Disaster agencies were today delivering body bags and essential supplies to crowded evacuation centers in the southern Philippines after hundreds died in flash flooding.” This was an extremely devastating typhoon and ended up taking 684 people’s lives. To prevent diseases from spreading, the government decided to dig up mass graves, a horrendous solution to an already heartbreaking event (Daily Mail UK).

The Most Devastating Storms that Science Has Tracked
NBC News

Typhoon Saomai

China experienced another horrendous typhoon in 2006. Typhoon Saomai claimed over 300 people in the southern city of Fuding. That’s not all, after the storm, rescuers found another 24 bodies, with over 94 people missing, presumed dead. It was the strongest typhoon in China in five years. This was an extremely destructive typhoon, with catastrophic results, as we’ve seen. Sometimes, there’s nothing you can do except ride out the storm. It’s especially horrific when cities without proper infrastructure are hit (NBC News).

The Most Devastating Storms that Science Has Tracked
World Vision

Typhoon Bopha

In 2012, Typhoon Bopha struck the Philippines. Winds were over 175 mph, and it turned into a Category 5 storm. It was a much stronger storm than Tropical Storm Washi, which claimed over 1,000 people the year prior. More than 1,000 people perished from Typhoon Bopha, and over 170,000 were evacuated to storm shelters. Despite the Philippine’s best efforts at helping people and trying to bring them to safety, many still perished (World Vision).

The Most Devastating Storms that Science Has Tracked
KPCC

Hurricane Manuel And Ingrid

Mexico experienced two intense hurricanes within a 24-hour period. Dozens of people perished from the wrath of the storm, and weeks after the storm passed, many were still recovering. The most intense storms always cause the most damage. Tourists were even left stranded along the coast, and many buildings were destroyed, even collapsing in the wake of the storm. There were power outages and cell towers were down for a long time (KPCC).

The Most Devastating Storms that Science Has Tracked
NY Times

Tropical Storm Vongfong

The Philippines saw yet another severe tropical storm in 2020. Vongfong brought torrential rain to Luzon, an island with 60 million people. Keeping people safe during the storm was especially tricky, since it during the rampage of the coronavirus. Social distancing was not a possibility. Government officials wanted to make sure people were being as safe as possible and wanted to prevent the spread of the virus at the same time as keeping people safe from the storm at shelters. After the storm, hundreds of buildings were destroyed, as well as fishing boats that happened to be in the sea (NY Times).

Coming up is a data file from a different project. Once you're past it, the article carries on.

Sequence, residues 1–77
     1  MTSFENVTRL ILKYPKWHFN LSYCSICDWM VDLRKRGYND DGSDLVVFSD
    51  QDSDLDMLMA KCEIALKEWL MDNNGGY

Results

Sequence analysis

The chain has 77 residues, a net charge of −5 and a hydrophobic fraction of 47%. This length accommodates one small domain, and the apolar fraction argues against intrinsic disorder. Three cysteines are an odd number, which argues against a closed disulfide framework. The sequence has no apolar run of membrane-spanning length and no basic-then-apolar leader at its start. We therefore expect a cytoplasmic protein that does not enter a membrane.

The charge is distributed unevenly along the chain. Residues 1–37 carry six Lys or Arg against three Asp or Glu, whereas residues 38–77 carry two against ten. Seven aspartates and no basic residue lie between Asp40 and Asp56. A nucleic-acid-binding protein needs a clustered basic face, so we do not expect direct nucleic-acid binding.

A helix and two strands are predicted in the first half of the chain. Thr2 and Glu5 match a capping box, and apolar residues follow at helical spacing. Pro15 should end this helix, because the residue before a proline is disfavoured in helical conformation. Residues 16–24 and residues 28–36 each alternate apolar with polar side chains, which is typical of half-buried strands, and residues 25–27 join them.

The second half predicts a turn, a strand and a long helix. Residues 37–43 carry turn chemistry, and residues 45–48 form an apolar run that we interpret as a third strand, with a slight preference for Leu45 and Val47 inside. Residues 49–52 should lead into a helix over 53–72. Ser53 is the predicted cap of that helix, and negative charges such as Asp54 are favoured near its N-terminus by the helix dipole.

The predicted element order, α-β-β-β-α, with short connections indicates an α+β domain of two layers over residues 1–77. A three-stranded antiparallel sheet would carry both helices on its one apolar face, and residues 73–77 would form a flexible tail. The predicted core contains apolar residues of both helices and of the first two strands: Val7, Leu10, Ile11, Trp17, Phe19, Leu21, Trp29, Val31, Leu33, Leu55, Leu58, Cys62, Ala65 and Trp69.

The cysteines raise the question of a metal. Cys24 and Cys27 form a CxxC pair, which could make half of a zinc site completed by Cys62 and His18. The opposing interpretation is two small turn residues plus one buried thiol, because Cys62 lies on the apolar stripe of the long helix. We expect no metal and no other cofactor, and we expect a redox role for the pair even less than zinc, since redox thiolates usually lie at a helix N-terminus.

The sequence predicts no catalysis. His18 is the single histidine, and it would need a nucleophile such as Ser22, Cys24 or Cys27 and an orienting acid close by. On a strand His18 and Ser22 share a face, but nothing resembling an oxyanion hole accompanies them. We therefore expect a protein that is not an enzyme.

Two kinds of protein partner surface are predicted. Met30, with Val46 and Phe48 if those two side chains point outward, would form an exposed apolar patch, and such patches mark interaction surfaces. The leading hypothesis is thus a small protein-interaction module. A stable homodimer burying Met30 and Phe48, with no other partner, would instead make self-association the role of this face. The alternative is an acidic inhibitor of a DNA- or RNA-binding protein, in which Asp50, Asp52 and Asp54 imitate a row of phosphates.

The Most Devastating Storms that Science Has Tracked
Wikipedia

Hurricane Isabel

Hurricane Isabel hit Maryland and Washington, D.C., and it was one of the most intense, costliest, and deadliest hurricanes to hit the USA in 2003. It strengthened and eventually reached peak winds of 165 mph (265 km/h). Gradually, it weakened, but not without destroying some of the land and causing over $3.6 billion in damage. Over 50 people perished in the hurricane. The death tolls might have also been higher, but some people went missing and were never found (Wikipedia).

The Most Devastating Storms that Science Has Tracked
PNJ

Hurricane Ivan

Pensacola, Florida, suffered a major blow in 2004 when Hurricane Ivan tore through the coast. It damaged many roads, homes, and towns. It threatened the unstable psyche of the region when it caused mass destruction. Even though it wasn’t the worst hurricane to tear through Florida, it still caused a considerable amount of damage. A spokeswoman for Gulf Power, Kimberly Blair, said, “every hurricane has its own fingerprint, its own character.” This is true, considering we’ve seen many different storms, hurricanes, and cyclones on this list that have damaged many parts of the world (PNJ).

The Most Devastating Storms that Science Has Tracked
USA Today

Typhoon Nepartak

In 2016, Super Typhoon Nepartak tore through Taiwan. We’ve seen Taiwan time and time again on this list. Unfortunately, it’s a common occurrence for the beautiful island. Also, because the island has steep, central mountains, it’s more susceptible to landslides and flooding during typhoons. The typhoon claimed at least two people and injured over 70 people, due to its heavy rain and strong wind. It had sustained winds up to 100 mph, and gusts reaching up to 123 mph. The typhoon caused over 15,000 people to evacuate to safety (USA Today).

The Most Devastating Storms that Science Has Tracked
News Press

Hurricane Wilma